• Subjunctive mood: used to express wishes, suggestions or obligations relating to hypothetical situations or situations that have not happened yet (e.g. 'The doctor recommended that I stay off my feet for a week.', 'It's mandatory that you take a Covid test before travelling to certain countries.').

Try to come up with three additional examples for each of these grammatical moods! Are there any phrases you use in your daily life that would fall under any of these categories?

Whilst these are the most common grammatical moods, there are a couple of important additional moods you need to know about which we'll look at in this next section.

Grammatical moods do not necessary correlate to our own emotions or 'moods', Pixabay

Additional grammatical moods

As is the case with many English Language topics, the umbrella of 'grammatical moods' not only has the main types described above but also several less commonly used grammatical moods. Just because these are less common, it doesn't mean they're less important. So without further ado, let's see what we're talking about in this section!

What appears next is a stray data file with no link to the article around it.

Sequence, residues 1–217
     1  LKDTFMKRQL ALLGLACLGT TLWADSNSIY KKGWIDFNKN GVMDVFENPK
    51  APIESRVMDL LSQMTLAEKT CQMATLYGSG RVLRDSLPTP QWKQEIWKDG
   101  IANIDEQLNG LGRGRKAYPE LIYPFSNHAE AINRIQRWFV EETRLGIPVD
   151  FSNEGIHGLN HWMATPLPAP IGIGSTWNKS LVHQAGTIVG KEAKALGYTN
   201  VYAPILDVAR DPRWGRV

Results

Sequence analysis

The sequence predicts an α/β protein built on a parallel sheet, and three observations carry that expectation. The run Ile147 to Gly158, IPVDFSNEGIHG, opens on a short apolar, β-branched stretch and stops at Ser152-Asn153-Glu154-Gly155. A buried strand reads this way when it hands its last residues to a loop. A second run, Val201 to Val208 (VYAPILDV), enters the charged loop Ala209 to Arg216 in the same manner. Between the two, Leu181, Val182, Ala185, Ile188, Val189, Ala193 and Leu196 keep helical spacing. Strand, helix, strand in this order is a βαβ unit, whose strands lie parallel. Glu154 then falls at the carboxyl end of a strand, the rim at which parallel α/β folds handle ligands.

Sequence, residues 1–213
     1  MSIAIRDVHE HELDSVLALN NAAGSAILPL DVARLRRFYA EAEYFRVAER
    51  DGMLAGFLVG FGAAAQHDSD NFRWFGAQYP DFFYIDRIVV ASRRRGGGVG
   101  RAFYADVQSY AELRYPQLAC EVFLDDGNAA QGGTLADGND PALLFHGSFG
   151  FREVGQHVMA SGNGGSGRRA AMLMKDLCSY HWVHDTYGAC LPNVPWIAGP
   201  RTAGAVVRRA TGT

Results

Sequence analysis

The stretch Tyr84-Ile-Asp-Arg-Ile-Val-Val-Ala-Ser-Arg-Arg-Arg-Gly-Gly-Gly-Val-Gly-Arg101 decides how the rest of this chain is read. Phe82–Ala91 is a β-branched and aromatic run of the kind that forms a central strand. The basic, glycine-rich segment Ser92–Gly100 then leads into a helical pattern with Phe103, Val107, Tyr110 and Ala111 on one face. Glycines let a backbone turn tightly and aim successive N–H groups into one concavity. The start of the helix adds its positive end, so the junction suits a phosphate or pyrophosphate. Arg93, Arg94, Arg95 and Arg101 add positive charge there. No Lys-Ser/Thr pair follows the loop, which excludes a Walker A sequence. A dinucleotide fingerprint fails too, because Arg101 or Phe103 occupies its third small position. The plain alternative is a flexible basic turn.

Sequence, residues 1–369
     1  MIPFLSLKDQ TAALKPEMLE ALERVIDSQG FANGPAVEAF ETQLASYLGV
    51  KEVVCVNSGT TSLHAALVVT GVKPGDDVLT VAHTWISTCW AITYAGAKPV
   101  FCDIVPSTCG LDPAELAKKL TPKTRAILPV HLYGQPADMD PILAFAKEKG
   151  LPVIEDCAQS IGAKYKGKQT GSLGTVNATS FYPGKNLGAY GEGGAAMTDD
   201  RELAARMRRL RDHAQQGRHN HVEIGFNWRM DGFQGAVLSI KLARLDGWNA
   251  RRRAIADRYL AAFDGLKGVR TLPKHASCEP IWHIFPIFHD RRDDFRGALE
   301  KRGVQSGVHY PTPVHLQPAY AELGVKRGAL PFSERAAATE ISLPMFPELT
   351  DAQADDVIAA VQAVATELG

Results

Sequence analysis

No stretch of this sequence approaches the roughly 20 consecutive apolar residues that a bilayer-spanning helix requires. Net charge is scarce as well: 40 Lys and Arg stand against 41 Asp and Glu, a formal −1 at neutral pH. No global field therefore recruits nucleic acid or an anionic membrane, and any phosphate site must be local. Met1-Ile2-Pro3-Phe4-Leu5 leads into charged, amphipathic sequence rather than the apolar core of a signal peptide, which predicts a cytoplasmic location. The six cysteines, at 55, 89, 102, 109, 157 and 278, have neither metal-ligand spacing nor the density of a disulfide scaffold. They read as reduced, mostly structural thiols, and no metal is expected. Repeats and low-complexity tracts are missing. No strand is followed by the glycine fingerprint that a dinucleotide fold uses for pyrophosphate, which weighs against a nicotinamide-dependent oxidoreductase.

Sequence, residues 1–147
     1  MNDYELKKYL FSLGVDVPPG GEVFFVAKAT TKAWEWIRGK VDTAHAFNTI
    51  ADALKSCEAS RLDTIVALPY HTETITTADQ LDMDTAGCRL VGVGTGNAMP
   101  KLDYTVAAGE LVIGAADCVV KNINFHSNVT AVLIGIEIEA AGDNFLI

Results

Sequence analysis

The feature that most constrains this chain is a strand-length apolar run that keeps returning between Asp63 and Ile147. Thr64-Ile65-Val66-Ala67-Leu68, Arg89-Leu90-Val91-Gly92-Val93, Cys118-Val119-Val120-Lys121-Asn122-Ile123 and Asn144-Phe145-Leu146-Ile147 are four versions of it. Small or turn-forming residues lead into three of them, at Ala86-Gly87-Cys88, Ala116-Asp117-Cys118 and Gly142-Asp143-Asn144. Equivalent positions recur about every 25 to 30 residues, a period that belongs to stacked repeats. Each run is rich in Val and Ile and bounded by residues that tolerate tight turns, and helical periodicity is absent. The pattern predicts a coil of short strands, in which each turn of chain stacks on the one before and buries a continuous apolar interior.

Optative and potential moods

The key additional moods you need to know about are the optative and the potential. As the title of this article suggests, the main thing we're concerned about is the optative mood so we'll go into more depth with that one, but we'll have a brief look at the potential mood first.

The potential mood basically does what it says on the tin - it's all about indicating potential or possibility. The potential mood is used to demonstrate how the writer or speaker believes something is likely to happen. The potential mood can also be used to give permission, or to express willingness to do something.

For example:

  • 'He could show up to the dinner party.' (indicating potential)

  • 'You may borrow a pen for the exam.' (giving permission)

  • 'I would definitely go to a pool party in the summer.' (expressing willingness)

Try to think of some more examples for each of the potential mood's purposes. Can you think of any situations where you might have used a potential phrase?

And since the point of this article is to learn about the optative mood, we'll give it its own section:

Optative mood meaning

The optative mood is an expressive grammatical mood. What is it used for? How can we recognise it? Let's find out: